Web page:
Though it’s portrayed as ground zero in Breaking Bad’s deadly methamphetamine war, Albuquerque, New Mexico has certainly embraced its status as the show’s home. Visitors to The Duke City can take in the landmarks of the Heisenberg empire via trolley or limo, sample a rock-candy facsimile of Walter White and Jesse Pinkman’s wares, and dine at the restaurant that served Gustavo Fring’s second-most addictive product. The anthropomorphized birds of the Los Pollos Hermanos logo still beam down at the patrons of Twisters Burgers And Burritos, but the calling card of “the chicken brothers”’ real-life equivalent is a stuffed tortilla smothered in salsa verde and topped melted cheese and curly fries. It doesn’t quite live up to the “old ways are still best” promise made by one of the show’s most memorable cold opens—but in true Breaking Bad fashion, it takes an existing commodity and improves upon it.
The city’s pride in the acclaimed series is reciprocal: Few television productions have utilized their settings as well as Breaking Bad has in the past five years. Albuquerque became such a central component of the series that it’s bracing to learn that creator Vince Gilligan’s original Breaking Bad pilot took place in Riverside, California. (Mike White would later set Enlightened in that Inland Empire burg; in a parallel universe, there’s a crossover event where Amy Jellicoe attempts to heal Walter White’s lung cancer through the power of positive thinking—all the while attempting to expose him as Heisenberg.) According to Christian Diaz De Bedoya, who served as the show’s location manager for seasons four and five, it was a generous tax rebate that made Gilligan and crew consider a move to New Mexico. The booster shot the local filmmaking industry received from that move had such strength that New Mexican lawmakers dubbed the most recent updates to the state’s film incentive program the “Breaking Bad Bill.”
Pragmatic considerations aside, Breaking Bad would be a wholly different series without the big-sky vistas and Southwestern architecture of Albuquerque. During our time with Diaz De Bedoya, he brought up the old saw that the city itself is a character within the show, and given the distinctive look and feel Albuquerque gives to Breaking Bad, there’s no disputing that statement. Cinematographers like Michael Slovis and directors like Rian Johnson can take some credit for that visual signature, but were it not for Diaz De Bedoya, his fellow location managers, and their intimate knowledge of ABQ, Slovis and Johnson would be shooting against a less idiosyncratic canvas.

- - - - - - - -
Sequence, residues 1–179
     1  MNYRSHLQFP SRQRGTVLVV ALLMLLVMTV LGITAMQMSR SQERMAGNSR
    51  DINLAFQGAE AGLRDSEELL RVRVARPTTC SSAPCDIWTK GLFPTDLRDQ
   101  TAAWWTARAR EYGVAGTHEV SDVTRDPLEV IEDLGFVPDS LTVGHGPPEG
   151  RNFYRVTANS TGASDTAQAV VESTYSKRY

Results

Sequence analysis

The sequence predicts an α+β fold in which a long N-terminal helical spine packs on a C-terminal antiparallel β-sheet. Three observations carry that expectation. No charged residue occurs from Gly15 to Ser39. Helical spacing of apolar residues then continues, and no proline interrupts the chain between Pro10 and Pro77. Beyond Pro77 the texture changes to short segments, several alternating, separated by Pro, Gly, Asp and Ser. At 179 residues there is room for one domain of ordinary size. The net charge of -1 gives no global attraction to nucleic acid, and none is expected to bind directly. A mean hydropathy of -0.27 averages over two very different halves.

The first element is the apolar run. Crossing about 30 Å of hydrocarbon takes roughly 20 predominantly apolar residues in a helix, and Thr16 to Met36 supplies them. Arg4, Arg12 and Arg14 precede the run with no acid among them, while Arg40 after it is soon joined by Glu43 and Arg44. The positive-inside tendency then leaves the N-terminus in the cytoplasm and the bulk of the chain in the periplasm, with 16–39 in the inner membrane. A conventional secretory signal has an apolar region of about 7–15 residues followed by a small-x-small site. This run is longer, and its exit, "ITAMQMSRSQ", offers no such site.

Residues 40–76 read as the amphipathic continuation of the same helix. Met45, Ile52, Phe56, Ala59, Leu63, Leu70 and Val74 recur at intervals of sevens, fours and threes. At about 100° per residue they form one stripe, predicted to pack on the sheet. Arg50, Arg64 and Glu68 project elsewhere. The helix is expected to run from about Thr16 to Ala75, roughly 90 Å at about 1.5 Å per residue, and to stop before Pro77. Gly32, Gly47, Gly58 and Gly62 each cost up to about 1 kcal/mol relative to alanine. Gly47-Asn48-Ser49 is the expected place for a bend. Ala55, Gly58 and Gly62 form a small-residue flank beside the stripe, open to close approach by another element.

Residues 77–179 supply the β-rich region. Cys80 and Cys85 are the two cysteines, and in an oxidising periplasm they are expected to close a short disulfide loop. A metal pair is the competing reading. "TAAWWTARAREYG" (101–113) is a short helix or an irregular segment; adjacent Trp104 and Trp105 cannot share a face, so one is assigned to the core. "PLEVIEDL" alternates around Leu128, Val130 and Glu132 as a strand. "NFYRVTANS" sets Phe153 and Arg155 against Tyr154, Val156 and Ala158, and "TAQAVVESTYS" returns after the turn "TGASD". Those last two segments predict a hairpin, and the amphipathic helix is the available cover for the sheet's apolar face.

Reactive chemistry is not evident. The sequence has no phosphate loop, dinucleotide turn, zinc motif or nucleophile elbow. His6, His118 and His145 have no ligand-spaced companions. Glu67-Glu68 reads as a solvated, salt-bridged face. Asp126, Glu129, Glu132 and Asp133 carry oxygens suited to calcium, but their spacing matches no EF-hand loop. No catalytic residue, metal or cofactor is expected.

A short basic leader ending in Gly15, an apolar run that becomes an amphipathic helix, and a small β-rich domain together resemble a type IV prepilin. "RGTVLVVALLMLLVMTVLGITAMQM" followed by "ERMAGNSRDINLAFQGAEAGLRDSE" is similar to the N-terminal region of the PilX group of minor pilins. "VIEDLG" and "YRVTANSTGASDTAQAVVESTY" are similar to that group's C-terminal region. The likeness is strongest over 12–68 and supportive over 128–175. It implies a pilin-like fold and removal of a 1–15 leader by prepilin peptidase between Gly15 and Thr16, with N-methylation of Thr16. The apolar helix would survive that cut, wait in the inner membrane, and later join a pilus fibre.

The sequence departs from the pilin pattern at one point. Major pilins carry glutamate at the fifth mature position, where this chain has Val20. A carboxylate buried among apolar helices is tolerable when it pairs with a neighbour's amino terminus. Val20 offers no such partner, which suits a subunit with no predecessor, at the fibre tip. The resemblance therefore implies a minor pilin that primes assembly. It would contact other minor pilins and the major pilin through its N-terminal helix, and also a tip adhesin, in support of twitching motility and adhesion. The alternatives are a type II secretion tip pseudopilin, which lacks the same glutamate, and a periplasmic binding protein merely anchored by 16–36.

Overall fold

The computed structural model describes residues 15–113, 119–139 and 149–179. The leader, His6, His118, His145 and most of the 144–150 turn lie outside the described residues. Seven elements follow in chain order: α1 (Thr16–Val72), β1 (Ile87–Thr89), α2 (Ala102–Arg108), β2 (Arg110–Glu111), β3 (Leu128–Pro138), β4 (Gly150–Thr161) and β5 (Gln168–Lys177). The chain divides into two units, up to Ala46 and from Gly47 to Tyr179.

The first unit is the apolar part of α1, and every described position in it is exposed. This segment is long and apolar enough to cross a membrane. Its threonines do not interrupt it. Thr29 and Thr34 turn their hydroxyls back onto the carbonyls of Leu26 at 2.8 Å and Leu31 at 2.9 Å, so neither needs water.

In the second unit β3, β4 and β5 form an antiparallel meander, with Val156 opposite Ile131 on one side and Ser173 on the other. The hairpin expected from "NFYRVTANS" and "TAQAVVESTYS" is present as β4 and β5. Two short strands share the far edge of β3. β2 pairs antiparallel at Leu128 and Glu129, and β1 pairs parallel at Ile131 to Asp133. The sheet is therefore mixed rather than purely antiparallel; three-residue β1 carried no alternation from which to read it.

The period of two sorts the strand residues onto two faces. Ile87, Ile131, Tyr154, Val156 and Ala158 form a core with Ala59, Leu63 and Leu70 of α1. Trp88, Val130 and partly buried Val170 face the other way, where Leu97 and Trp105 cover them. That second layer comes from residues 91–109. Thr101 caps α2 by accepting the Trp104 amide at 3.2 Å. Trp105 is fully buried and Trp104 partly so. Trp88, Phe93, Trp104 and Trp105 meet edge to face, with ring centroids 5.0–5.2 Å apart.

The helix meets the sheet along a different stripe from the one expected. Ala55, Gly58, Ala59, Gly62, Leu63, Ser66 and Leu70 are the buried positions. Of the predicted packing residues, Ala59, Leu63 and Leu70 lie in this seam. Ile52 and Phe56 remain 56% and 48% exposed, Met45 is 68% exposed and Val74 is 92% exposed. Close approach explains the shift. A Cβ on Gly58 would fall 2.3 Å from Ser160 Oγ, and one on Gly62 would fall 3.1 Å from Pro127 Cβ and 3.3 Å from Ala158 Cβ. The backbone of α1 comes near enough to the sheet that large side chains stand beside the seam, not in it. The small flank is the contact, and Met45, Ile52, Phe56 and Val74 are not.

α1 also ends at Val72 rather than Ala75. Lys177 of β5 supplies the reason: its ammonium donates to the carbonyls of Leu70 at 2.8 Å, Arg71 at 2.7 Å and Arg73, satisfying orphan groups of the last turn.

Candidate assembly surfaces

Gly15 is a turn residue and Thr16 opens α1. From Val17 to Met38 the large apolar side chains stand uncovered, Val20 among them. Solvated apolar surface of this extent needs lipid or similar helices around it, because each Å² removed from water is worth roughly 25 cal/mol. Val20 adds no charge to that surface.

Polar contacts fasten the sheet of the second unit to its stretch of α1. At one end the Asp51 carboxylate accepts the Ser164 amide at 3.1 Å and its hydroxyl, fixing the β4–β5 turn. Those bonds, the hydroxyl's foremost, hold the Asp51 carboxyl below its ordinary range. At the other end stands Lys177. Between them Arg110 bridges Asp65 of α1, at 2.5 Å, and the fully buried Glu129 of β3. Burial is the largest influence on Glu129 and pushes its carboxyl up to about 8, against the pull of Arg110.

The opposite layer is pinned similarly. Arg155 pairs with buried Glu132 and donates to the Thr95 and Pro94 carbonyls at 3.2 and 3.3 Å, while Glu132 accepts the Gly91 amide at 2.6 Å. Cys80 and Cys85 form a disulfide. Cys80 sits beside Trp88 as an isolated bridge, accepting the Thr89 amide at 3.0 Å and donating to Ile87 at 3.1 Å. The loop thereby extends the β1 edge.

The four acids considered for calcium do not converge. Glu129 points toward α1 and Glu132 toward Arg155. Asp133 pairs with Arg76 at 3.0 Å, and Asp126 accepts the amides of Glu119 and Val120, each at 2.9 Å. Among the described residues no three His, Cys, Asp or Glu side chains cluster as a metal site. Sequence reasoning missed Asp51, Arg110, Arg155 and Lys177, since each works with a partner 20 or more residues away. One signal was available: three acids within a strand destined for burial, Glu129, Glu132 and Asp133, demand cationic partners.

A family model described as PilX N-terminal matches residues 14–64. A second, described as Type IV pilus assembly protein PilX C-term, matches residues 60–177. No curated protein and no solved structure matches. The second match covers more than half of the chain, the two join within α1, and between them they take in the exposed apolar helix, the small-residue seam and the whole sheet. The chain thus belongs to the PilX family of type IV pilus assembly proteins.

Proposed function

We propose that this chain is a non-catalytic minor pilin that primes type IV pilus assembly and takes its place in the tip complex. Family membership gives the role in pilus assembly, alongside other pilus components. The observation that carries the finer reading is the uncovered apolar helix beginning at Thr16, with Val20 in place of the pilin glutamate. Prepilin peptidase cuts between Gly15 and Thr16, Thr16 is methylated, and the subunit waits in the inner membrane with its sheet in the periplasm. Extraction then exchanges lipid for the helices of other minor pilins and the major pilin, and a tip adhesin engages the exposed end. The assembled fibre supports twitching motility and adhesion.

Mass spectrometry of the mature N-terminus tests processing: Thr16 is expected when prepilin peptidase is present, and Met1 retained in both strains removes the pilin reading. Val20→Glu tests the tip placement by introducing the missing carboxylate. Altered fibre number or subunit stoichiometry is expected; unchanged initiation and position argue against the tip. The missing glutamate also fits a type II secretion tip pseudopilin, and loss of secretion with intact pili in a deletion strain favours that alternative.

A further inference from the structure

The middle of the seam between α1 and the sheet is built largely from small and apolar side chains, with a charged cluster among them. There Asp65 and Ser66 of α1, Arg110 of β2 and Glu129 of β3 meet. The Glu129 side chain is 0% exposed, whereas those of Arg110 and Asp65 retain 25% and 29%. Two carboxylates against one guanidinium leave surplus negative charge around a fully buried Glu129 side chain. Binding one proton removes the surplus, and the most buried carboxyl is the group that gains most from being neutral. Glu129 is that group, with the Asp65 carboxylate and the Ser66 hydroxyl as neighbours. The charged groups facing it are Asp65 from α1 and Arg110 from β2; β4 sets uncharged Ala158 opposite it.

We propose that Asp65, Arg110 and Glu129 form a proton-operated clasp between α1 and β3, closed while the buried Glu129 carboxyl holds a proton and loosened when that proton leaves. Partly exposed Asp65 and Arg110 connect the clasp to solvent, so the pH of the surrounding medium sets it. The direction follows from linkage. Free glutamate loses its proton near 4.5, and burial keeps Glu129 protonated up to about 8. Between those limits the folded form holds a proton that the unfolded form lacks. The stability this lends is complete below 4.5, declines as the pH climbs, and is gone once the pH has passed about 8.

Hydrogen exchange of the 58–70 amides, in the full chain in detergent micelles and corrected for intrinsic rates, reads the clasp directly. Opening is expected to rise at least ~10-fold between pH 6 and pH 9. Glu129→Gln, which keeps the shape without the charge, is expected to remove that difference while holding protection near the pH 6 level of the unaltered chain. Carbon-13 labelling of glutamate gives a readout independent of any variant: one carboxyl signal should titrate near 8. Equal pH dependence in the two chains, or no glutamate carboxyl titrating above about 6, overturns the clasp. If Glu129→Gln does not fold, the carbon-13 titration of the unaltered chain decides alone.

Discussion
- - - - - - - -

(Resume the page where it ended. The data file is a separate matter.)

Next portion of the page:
Of the many locations we toured with Diaz De Bedoya, the one he had a direct hand in selecting was the structure that stood in for season five’s Vamanos Pest Control. A garage adjacent to Voc O’s Auto And Transmissions, the building’s current state embodies Breaking Bad’s mark on Albuquerque: Its weathered, yellow exterior is not the work of Sherwin-Williams and time, but rather the show’s production design. For a spell, the razor wire topping the property’s fence was merely a rubber prop—though as Diaz De Bedoya tested with his own fingers, it’s since been replaced by the real deal.
An ideal location for the show—an exterior that could also be built-out as a standing set—the garage also illustrated that the relationship between Breaking Bad and Albuquerque wasn’t always cooperative. With only six lanes of Gibson Boulevard separating the garage from space shared by Albuquerque International Sunport and Kirtland Air Force Base, scenes at Vamanos were occasionally disrupted by the sounds of aircraft departing and arriving.
Due to my own aircraft-related disruptions—but really, given Breaking Bad’s history with flying machines, who’s to quibble with missing a connecting flight?—I only ended up spending four or five hours in Albuquerque. Yet four-and-a-half seasons of Breaking Bad have put so much of the city and its personality on screen that the surroundings felt oddly familiar. I may have no personal acquaintance with Albuquerque-ubiquitous fast-food chain Blake’s Lotaburger, but cups and bags from the place are such a set-dressing fixture in the White and Pinkman houses that the smiling, top-hat-clad “Blake’s man” hardly felt like a foreign presence. There’s an inherent comfort and hospitality to Albuquerque, but the city retains a bit of Wild West edge. After synthesizing these qualities into searing TV drama, it’s nice that Breaking Bad’s been able to give back to Albuquerque as much as (if not more than) it got out of its adopted home.